The androids of the original [Bladerunner] had a simple quest: understandably, they wanted more life. The android protagonist of Blade Runner 2049 – K – who destroys his own kind, wants to know if he is truly alive or not. In many senses, K is the new human: he’s socially isolated and a slave to the rhythm of work and consumption. Respite comes only in the form of hopeless devotion to his hologram bride who flickers between subservient homemaker and vampish sex idol. She’s a slave enslaved to a slave.

But what K wants, just like Pinocchio, is to become a real boy. In the end, he can only aspire to those qualities that, apparently, make us truly human – memory, empathy, romantic love, compassion. Familiar territory explored by the original. Where 2049 furthers the philosophical exploration is in its insistence that the replicants become more human than human in their desire to seek purpose, to celebrate wonder, and their willingness to die for something greater than themselves. As one puts it: ‘Dying for the right cause is the most human thing you can do.’

Read it all.

Posted in Anthropology, Movies & Television

(TGC) Trevin Wax–Should We Pull The Plug On Cable News?

A steady diet of cable news reinforces the idea that everything is about politics, that everything is life or death, and that we should all devote our attention to the big news story every day. (Consider how news channels count down to big events, as if the entire country waits breathlessly for whatever the channel determines is most important!)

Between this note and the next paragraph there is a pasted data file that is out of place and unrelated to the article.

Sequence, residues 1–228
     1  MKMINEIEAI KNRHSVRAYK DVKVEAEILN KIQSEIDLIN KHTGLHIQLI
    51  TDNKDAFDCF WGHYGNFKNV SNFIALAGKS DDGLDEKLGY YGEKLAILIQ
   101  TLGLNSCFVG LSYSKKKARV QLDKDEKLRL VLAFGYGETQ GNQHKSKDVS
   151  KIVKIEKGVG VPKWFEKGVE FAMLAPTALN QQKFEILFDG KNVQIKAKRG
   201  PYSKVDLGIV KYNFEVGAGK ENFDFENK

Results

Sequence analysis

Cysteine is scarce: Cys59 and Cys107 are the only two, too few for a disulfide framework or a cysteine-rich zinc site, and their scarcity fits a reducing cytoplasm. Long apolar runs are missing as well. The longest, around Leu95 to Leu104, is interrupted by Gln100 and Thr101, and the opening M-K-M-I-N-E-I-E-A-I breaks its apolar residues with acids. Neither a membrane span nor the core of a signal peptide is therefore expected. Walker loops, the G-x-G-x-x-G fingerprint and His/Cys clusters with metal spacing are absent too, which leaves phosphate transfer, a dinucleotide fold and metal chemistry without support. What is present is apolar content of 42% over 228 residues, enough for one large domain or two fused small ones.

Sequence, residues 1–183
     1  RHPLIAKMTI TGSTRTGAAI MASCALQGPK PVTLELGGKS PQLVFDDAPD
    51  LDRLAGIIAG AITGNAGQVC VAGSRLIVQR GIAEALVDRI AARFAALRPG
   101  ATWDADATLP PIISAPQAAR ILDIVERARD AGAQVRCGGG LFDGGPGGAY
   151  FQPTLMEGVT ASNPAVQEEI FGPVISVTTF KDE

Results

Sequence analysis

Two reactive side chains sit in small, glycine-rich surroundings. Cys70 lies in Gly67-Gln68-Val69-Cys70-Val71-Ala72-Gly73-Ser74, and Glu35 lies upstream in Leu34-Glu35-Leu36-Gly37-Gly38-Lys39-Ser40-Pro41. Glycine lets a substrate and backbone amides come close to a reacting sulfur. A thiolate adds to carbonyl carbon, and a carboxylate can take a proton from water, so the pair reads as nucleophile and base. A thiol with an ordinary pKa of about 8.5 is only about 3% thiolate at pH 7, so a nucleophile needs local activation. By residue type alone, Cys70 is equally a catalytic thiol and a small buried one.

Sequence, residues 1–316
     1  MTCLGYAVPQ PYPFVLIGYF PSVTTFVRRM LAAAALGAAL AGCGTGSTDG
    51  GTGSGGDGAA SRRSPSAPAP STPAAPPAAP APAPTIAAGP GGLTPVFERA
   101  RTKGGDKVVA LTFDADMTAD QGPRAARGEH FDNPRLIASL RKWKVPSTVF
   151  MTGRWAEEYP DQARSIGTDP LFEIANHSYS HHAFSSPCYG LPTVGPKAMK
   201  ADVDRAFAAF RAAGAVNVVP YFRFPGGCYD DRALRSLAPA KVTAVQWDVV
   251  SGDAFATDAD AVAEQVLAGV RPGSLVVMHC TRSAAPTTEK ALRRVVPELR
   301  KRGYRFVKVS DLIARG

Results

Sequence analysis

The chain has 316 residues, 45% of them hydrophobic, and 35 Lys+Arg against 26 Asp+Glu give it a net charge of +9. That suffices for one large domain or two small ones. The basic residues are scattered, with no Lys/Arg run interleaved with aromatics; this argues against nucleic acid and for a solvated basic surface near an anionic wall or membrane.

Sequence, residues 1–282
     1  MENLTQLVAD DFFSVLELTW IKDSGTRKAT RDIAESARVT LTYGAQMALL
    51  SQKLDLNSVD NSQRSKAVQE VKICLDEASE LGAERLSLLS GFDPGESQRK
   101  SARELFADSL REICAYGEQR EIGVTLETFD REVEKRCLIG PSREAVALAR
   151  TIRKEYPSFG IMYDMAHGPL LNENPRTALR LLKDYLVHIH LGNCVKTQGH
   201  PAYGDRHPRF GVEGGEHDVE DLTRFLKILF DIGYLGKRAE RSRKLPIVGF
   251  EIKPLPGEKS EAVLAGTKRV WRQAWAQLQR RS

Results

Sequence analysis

No TV 

Recently, I finished Andy Crouch’s The Tech-wise Familya book from a journalist and writer who I’ve long respected for his insight into faith and culture. Crouch is a brilliant commentator on society and culture. And he doesn’t have a television in the living room. The TV is in the basement. (The family turns it on so rarely that his daughter wasn’t even sure they had one!)

John Piper, a preacher and writer highly influential in American evangelicalism (especially among younger generations) doesn’t have a TV at all. He’s never had one.

Which makes me wonder: could it be that the reason Andy Crouch’s cultural analysis is so astute and Piper’s devotional and exegetical writing is so compelling is because they don’t spend time in front of the screen?

Read it all.

Posted in America/U.S.A., Ethics / Moral Theology, Media, Movies & Television